There's no difference with waterproofing acrylic on plastic. A coat of varnish should seal the acrylic and keep the paint in place.
On MDF and Masonite
Medium-Density Fibreboard (MDF) and masonite are both special types of wood used in home construction. You might want to give your MDF or masonite items a makeover by painting them with this paint.
Thanks to their smooth surfaces, MDF and masonite need just 1-2 applications of varnish to become waterproof. To make it better, consider priming the surface with gesso before you paint. Priming usually prepares the surface better and holds the paint together.
Frequently Asked Questions (FAQs)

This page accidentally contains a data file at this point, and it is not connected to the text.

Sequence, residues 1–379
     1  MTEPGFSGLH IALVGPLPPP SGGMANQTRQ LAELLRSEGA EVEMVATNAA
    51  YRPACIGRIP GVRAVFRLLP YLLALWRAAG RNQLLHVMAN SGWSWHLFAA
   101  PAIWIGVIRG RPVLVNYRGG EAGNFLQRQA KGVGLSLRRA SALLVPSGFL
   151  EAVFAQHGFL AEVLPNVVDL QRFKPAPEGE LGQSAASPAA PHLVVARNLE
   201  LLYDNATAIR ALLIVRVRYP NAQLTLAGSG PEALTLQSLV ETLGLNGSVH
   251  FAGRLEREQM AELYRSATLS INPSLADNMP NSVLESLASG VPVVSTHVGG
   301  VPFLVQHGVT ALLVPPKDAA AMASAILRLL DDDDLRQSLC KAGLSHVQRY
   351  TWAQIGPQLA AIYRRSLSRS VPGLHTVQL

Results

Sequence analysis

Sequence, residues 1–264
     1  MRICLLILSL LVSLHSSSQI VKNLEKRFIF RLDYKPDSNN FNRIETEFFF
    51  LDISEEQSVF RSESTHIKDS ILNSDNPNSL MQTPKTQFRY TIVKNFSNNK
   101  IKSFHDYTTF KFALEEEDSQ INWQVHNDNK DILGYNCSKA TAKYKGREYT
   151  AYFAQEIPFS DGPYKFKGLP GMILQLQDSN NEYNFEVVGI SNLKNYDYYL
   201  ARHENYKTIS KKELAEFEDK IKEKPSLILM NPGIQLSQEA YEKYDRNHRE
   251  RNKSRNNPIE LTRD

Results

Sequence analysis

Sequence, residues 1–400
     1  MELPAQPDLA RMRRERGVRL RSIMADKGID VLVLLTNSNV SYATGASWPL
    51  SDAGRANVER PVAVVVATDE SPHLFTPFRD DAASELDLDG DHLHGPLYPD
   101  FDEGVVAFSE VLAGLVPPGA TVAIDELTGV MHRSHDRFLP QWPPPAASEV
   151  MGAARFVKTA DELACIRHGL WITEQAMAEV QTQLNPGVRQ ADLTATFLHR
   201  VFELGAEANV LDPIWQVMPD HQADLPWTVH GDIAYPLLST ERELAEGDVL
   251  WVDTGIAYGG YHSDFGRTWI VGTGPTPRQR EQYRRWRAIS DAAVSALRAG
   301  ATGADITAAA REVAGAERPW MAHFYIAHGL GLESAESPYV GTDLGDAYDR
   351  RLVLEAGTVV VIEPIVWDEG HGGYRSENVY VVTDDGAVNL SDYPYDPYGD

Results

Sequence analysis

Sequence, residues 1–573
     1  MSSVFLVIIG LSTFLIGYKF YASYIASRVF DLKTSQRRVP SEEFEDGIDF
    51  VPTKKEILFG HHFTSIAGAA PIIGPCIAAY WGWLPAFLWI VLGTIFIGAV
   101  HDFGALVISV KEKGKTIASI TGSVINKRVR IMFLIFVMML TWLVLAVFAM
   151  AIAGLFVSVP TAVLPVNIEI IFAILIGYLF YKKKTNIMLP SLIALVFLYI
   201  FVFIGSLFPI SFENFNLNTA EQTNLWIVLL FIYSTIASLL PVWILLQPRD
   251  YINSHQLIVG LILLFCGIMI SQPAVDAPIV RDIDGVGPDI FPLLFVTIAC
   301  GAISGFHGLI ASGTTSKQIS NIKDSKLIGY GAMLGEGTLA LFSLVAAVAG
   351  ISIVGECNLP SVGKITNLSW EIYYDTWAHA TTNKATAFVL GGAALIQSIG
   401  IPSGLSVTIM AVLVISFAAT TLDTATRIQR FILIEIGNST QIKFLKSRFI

What do I need to apply varnish?
Coating your acrylic paintings with varnish doesn't require special tools. A regular paintbrush will do for applying it on acrylic painted surfaces. You should use a poly brush since it can absorb the varnish and distributes the substance evenly across the painting surface.
Will varnish make acrylic waterproof?
Varnishing is a guaranteed method of making acrylic waterproof. The materials in varnish (driers, repellents, etc.) are notable for their waterproofing abilities, which are perfect for your needs.
Should I prime before varnishing?
The general advice is to prime your canvas, or any other artistic medium, before painting and varnishing. Primed surfaces are less susceptible to the breakdown of paint and thinning of varnish.
Is acrylic paint waterproof after it dries?
Dried acrylic paint has more water resistance compared to wet paint. However, air-drying your acrylic won't make it waterproof in an instant. Exposing it to moisture — whether indoors or outdoors will get it wet.